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Twelve years since M&S’ infamous ‘This is not just food’ campaign was taken off the air, it’s making a comeback this Spring/Summer - but with a twist. For many, the campaign’s much mimicked phrase “This is not just food, this is M&S food” became a household joke. Thanks to the campaign, M&S food signified indulgence, quality and comfort.  

This got us thinking, what makes a great advert? Does it make you sit up and think? Humour you? Get you to take action? 

The team weighed in on memorable ads of past and present. Ads that inspire, humour and intrigue us (or that just make us really damn hungry!). 




“For me it’s got to be KFC’s FCK campaign. Hot off the heels of running out of chicken, they placed a cheeky, full place apology ad in The Metro. Sometimes it pays to be bold, admit you’re wrong, and say sorry. Crisis management at its best.” 

Fiona Hamilton – associate director 


KFC - ‘Guys, we’re flattered’ 

“This campaign takes aim at all the other little chicken shops that try to be like KFC. Very simple but quite cheeky and very clever.” 

Lois Spall – senior account manager 


Australian Bananas and Aussie Mandarins fruit adverts 

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“When I was growing up in 90s Australia there were some classic ads played during after school TV shows to encourage kids to eat fruit. The most popular – and enduring, if my renditions around the William Murray fruit bowl are anything to go by – are the banana and mandarin adverts. They clearly worked, I still eat mountains of both!”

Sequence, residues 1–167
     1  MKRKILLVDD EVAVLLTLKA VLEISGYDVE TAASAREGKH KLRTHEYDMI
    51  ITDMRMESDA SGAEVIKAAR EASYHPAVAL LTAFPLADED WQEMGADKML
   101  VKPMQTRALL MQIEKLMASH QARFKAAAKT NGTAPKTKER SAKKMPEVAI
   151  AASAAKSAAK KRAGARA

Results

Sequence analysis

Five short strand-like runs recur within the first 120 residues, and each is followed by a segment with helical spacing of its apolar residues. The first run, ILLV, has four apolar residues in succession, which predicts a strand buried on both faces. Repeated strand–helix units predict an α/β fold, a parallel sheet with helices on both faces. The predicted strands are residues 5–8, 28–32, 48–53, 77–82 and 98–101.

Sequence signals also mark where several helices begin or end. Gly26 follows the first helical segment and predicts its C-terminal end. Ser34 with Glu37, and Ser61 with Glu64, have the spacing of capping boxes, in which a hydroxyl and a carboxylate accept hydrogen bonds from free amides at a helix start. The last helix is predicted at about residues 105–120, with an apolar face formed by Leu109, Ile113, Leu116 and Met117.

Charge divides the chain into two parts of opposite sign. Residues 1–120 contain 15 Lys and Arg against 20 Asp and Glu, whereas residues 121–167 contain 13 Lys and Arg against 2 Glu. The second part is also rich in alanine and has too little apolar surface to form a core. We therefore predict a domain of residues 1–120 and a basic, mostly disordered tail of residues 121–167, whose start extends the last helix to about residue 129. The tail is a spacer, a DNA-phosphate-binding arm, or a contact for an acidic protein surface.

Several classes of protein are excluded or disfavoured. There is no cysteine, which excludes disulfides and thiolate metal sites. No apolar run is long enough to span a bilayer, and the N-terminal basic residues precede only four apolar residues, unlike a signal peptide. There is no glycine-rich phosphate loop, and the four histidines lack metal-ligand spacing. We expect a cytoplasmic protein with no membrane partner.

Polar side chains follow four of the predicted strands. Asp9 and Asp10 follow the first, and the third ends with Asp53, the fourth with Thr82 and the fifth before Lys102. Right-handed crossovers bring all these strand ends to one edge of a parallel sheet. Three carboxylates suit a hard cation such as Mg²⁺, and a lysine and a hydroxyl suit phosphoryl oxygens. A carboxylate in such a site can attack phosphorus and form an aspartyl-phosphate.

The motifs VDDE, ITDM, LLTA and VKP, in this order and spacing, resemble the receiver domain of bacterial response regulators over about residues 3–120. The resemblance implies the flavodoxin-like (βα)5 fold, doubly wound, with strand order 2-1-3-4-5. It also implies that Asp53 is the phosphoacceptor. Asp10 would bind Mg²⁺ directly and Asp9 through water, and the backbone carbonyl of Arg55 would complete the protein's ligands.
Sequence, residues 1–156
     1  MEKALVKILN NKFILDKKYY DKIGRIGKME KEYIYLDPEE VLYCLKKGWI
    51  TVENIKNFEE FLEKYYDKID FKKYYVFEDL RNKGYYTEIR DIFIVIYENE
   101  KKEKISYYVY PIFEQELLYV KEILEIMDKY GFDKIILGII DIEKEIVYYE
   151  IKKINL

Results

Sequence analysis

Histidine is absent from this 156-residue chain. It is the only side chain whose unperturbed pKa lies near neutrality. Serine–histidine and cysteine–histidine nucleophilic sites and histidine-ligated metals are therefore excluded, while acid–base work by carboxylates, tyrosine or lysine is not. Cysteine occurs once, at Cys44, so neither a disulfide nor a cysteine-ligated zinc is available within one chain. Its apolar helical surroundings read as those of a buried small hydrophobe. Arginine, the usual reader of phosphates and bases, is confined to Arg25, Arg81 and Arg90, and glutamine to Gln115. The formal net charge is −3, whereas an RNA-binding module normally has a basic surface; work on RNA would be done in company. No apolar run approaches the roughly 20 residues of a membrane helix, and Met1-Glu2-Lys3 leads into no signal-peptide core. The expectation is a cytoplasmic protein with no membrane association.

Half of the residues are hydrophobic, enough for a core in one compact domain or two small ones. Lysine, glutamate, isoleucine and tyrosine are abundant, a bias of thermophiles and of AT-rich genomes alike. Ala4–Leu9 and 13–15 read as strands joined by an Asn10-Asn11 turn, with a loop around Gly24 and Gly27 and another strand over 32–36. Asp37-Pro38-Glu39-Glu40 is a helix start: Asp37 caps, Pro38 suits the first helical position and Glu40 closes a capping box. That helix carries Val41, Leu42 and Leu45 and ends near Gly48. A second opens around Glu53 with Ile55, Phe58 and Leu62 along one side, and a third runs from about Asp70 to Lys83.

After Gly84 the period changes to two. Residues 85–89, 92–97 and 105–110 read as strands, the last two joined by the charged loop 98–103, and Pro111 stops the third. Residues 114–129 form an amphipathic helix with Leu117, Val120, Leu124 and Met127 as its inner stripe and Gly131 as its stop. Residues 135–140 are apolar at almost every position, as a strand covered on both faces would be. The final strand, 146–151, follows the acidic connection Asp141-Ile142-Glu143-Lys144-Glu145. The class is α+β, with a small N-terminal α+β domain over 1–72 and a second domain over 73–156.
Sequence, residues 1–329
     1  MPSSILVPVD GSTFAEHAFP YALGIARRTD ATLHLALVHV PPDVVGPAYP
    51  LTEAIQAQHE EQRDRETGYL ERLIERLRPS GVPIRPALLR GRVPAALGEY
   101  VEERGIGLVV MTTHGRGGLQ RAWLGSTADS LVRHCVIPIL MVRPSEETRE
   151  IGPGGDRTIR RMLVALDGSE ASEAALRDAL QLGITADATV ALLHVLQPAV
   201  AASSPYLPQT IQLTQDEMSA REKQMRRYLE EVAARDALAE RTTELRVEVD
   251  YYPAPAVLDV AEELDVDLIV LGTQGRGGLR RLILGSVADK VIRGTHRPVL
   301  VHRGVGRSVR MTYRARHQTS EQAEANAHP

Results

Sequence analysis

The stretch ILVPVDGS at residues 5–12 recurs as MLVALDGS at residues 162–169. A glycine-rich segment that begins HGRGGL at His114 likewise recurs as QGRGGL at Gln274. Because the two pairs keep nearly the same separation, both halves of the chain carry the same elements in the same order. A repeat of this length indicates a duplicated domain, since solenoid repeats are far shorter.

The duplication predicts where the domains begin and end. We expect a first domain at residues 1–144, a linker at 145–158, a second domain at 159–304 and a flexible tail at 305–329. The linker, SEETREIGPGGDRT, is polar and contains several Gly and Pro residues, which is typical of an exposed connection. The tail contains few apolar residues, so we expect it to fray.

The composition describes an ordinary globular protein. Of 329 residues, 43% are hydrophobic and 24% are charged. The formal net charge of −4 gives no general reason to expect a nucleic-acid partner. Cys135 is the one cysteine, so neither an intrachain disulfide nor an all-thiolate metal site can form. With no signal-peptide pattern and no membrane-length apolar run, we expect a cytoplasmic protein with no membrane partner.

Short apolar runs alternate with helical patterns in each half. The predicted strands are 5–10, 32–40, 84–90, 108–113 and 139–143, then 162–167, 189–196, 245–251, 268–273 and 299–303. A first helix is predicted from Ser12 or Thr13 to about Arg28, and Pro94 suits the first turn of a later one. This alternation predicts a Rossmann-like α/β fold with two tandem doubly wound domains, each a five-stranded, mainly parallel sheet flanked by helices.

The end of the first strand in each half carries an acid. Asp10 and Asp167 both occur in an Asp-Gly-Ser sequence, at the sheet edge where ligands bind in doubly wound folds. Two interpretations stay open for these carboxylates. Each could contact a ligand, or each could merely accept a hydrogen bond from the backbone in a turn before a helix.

Anna Berry – account manager 


Carlsberg’s - “Probably NOT the best beer in the world” rebrand and NPD  


“I was quite impressed with the new Carlsberg advert – probably not the best beer in the world. Recognising that they’ve gone after profits rather than quality so they held their hands up and used it as an angle to promote their new quality product.” 

Emma Hawley – account director

"It’s refreshingly honest and great brand perception. I personally don’t drink Carlsberg because I don’t think it stands up to the taste of my preferred Heineken or Peroni (which is more expensive) however as Carlsberg have read consumers’ minds and acknowledged this, it makes me want to try the new drink in order to see if they have changed.” 

Charlie von Wedl – new business development exec 


KFC – Try one before you turn vegan